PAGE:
• Finding 10. Effective implementation and sufficient exposure to services increase the success of a community schools approach, with research showing that longer-operating and better-implemented programs yield more positive results for students and schools.
  • Finding 11. Existing cost-benefit research suggests an excellent return on investment of up to $15 in social value and economic benefits for every dollar spent on school-based wraparound services.
  • Finding 12. The evidence base on comprehensive community schools can be strengthened by well-designed evaluations that pay close attention to the nature of the services and their implementation.

American Educator, Summer 2018

Research-Based Lessons for Policy Development and Implementation

Community school strategies hold considerable promise for creating good schools for all students, but especially for those living in poverty. Based on our analysis of this evidence, we identified 10 research-based lessons for guiding policy development and implementation:

  • Lesson 1. Integrated student supports, expanded learning time and opportunities, family and community engagement, and collaborative leadership practices appear to reinforce each other. A comprehensive approach that brings all of these factors together requires changes to existing structures, practices, and partnerships at school sites.
  • Lesson 2. In cases where a strong program model exists, implementation fidelity matters. Evidence suggests that results are much stronger when programs with clearly defined elements and structures are implemented consistently across different sites.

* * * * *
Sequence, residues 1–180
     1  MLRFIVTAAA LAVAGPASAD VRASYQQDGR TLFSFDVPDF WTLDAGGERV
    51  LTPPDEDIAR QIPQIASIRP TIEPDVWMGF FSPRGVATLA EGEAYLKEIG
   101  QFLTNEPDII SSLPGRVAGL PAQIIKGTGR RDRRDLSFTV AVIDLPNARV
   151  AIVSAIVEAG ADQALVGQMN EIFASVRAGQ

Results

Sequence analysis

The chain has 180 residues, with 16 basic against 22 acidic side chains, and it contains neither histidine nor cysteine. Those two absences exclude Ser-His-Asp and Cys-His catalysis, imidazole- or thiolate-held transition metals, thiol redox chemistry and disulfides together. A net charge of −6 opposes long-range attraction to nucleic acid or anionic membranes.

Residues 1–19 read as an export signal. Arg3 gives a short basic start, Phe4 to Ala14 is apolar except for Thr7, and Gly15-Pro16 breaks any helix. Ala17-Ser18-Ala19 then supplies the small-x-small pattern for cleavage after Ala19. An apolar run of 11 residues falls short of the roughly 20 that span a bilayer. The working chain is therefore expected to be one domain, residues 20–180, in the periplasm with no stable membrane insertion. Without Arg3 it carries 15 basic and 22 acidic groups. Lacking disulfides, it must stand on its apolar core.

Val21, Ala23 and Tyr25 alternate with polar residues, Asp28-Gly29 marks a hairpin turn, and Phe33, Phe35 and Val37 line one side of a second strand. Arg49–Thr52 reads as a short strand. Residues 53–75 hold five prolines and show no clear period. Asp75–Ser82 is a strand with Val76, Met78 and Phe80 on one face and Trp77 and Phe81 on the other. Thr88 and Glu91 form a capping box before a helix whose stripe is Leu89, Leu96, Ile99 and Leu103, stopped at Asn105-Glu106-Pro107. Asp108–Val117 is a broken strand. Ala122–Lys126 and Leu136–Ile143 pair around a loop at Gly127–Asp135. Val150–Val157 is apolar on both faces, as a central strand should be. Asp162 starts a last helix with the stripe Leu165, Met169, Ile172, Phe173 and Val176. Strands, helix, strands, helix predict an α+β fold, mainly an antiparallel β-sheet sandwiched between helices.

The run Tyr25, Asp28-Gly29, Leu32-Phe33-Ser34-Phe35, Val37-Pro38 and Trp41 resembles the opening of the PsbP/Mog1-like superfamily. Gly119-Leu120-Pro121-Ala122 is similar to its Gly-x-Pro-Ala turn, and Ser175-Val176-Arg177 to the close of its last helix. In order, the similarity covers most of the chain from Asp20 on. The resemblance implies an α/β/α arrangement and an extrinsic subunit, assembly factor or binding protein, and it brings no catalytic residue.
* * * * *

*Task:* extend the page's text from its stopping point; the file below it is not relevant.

• Lesson 3. For expanded learning time and opportunities, student access to services and the way time is used make a difference. Students who participate for longer hours or a more extended period receive the most benefit, as do those attending programs that offer activities that are engaging, are well aligned with the instructional day (i.e., not just homework help, but content to enrich classroom learning), and address whole-child interests and needs (i.e., not just academics).
  • Lesson 4. Students can benefit when schools offer a spectrum of engagement opportunities for families, ranging from providing information on how to support student learning at home and volunteer at school, to welcoming parents involved with community organizations that seek to influence local education policy. Doing so can help in establishing trusting relationships that build upon community-based competencies and support culturally relevant learning opportunities.
  • Lesson 5. Collaboration and shared decision making matter in the community schools approach. That is, community schools are stronger when they develop a variety of structures and practices (e.g., leadership and planning committees, professional learning communities) that bring educators, partner organizations, parents, and students together as decision makers in the development, governance, and improvement of school programs.
  • Lesson 6. Strong implementation requires attention to all elements of the community schools model and to their placement at the center of the school. Community schools benefit from maintaining a strong academic improvement focus, and students benefit from schools that offer more intense or sustained services. Implementation is most effective when data are used in an ongoing process of continuous program evaluation and improvement, and when sufficient time is allowed for the strategy to fully mature.